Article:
When I went through the JET Program orientation in Tokyo, I got a serious lecture about the stages of living abroad. Firstly, a foreigner will experience euphoria. Everything is new and awesome! I went through this phase for a while, but I hit the next phase around Halloween. Secondly, a very tired of all this new stuff foreigner will experience things such as culture shock, which should actually be called cultural fatigue. I hit this stage for only a few weeks, getting back into euphoria for December because it was Christmas time. Thirdly, there’s assimilation. This phase basically means you’ve moved onto the “same stuff, different day” mentality, which is actually a good thing. Getting into a sense of normalcy with the environment and people around you makes for a much better living abroad experience than being constantly amazed by it. Being amazed all the time gets exhausting.
I’m on my second year in Japan and I plan to stay at least another year (but I’m aiming for about 6-ish years). I love living here in Japan, even though Japan and I can have issues with each other on either a cultural or language level. I think it’s safe to say I’ve assimilated in the sense that I’ve developed a sense of normalcy with all the aspects of my new life. I surprise more than a few Japanese people around town with my Japanese or in other cultural ways.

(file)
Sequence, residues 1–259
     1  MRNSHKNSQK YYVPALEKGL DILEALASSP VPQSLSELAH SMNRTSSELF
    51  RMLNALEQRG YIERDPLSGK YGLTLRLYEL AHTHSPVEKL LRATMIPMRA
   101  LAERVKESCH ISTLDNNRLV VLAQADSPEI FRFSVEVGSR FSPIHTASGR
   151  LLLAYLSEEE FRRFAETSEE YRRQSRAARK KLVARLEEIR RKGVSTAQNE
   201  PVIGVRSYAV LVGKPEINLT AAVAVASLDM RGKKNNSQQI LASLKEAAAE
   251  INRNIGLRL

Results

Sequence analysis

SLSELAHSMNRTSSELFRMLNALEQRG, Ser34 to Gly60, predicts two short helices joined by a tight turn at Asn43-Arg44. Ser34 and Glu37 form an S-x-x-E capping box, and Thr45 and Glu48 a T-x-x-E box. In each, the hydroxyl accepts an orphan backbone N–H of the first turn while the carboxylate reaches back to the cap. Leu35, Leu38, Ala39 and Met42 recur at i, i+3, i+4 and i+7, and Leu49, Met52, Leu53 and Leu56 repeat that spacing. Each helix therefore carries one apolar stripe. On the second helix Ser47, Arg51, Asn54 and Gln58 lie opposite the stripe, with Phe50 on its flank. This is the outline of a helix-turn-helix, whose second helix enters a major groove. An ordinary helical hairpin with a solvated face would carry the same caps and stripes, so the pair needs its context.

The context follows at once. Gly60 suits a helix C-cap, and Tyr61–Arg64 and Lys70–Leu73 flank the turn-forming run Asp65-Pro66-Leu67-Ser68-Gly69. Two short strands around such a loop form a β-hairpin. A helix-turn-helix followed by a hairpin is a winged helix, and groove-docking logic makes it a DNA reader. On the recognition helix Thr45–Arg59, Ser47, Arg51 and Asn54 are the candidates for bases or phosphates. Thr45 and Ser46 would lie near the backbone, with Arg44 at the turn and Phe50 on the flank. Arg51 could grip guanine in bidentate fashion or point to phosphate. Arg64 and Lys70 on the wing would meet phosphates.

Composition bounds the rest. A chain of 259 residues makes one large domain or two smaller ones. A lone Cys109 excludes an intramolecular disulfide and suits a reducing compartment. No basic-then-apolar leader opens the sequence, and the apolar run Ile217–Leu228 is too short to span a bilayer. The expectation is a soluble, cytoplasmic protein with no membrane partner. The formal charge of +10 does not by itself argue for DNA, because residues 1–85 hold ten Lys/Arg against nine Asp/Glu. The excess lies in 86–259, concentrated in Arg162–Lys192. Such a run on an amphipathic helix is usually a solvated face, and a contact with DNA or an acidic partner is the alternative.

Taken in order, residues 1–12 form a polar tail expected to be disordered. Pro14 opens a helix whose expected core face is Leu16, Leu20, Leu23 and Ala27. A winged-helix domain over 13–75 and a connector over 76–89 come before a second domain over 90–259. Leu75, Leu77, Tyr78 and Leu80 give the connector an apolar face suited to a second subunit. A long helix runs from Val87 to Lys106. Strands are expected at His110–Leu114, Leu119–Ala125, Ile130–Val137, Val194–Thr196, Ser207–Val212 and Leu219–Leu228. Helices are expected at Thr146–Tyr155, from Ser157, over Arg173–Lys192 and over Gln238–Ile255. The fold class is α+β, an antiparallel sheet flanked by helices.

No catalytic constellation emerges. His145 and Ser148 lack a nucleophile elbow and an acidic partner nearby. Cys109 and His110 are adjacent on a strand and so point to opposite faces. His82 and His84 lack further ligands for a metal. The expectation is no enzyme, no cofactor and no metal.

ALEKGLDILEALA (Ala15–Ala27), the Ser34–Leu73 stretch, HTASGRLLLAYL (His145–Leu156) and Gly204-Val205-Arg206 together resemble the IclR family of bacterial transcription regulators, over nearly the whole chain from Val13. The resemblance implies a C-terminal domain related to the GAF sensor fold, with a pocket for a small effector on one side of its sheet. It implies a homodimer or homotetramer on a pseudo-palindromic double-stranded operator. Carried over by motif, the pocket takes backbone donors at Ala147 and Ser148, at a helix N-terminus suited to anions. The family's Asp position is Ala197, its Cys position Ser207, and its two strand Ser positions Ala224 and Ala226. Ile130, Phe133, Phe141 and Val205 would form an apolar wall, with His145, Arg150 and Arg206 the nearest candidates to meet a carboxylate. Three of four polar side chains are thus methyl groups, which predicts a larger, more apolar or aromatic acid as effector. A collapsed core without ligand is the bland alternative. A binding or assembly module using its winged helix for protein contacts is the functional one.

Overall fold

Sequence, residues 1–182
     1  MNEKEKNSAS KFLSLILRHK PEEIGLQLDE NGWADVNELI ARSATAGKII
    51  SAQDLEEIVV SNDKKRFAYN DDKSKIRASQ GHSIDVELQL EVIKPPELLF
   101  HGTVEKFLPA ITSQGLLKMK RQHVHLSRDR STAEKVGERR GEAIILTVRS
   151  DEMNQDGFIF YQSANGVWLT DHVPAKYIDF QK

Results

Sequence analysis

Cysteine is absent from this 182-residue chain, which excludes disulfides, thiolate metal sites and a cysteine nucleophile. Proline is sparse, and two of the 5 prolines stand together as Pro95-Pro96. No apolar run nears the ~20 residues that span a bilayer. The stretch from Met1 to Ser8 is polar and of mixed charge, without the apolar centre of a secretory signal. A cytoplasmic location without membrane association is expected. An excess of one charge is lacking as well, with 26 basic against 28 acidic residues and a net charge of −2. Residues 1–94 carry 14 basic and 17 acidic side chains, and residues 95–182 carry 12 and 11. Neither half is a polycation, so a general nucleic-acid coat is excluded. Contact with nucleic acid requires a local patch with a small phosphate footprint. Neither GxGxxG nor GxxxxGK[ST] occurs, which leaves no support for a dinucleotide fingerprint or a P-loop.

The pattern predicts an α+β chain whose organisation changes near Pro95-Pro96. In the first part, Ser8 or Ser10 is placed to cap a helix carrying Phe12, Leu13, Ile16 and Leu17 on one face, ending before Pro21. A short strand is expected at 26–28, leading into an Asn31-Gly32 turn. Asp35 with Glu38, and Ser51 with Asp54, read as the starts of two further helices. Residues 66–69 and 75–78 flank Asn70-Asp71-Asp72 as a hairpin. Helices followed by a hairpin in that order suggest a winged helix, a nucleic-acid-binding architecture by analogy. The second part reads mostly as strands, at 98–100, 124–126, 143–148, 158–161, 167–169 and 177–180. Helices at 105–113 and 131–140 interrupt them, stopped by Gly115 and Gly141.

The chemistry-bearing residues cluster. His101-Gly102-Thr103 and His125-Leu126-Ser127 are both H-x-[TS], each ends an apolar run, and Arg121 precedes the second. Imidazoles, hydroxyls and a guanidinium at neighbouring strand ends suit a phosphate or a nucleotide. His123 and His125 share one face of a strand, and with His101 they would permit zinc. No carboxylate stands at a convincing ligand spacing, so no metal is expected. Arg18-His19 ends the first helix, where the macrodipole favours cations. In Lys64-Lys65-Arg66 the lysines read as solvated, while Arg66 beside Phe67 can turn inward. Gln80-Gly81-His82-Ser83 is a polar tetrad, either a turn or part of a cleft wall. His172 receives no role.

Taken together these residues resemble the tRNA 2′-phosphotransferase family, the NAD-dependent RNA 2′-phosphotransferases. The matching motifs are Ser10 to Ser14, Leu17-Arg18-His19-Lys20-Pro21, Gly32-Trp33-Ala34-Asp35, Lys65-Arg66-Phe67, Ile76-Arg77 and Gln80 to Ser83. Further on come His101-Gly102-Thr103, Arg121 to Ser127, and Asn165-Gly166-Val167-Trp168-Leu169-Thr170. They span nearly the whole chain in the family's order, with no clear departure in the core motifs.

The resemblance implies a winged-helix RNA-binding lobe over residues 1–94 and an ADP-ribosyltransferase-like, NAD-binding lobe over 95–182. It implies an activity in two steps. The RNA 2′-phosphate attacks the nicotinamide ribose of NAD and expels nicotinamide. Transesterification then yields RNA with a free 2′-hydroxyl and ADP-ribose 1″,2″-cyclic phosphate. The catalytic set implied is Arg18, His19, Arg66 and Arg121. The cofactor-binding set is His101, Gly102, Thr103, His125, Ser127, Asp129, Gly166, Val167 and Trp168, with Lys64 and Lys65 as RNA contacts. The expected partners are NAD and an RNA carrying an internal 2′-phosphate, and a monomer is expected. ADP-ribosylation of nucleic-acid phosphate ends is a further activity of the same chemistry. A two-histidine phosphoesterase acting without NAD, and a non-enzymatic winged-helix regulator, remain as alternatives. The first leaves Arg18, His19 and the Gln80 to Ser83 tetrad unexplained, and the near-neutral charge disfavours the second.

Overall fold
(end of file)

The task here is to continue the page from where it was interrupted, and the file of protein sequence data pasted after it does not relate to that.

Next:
For example, bowing is one of those little cultural things I picked up easily as most people generally do. Bowing is a simple way of showing respect, humility, and apology all at the same time. I use it around strangers the most. If I don’t know someone, I’ll be moving like one of those toy bird water dipping things over and over again. I also tend to use “Gomen (ne)! ごめん (ね)!” all the freaking time. Saying “sorry” over and over does the same cultural functions as bowing. I use bowing and sorry together a lot over here.
I’ve used it so much it’s become an automatic reflex. When I hit the atrocity that is the Chicago O’Hare airport around Christmas time, I bumped into people. Now, a normal American might say, “Oops, sorry!” or “My bad!” and proceed onwards. My reaction was to come to a full stop bow and say “Gomen! ごめん!” I believe the man I said that to thought I must’ve been insane. I tried to recover (as in run away and never look back), while mumbling “Sorry…” with a huge embarrassed blush on my face.
What I did falls under the reverse culture shock part of living abroad. Reverse culture shock basically means when a foreigner becomes so accustomed to a foreign culture that he or she has to readjust to the home culture. Some people can go through this after the cultural fatigue part of living abroad, but I didn’t. It wasn’t until I went back home that it really hit me. When I got back, I did little things here and there that showed I was going through reverse culture shock.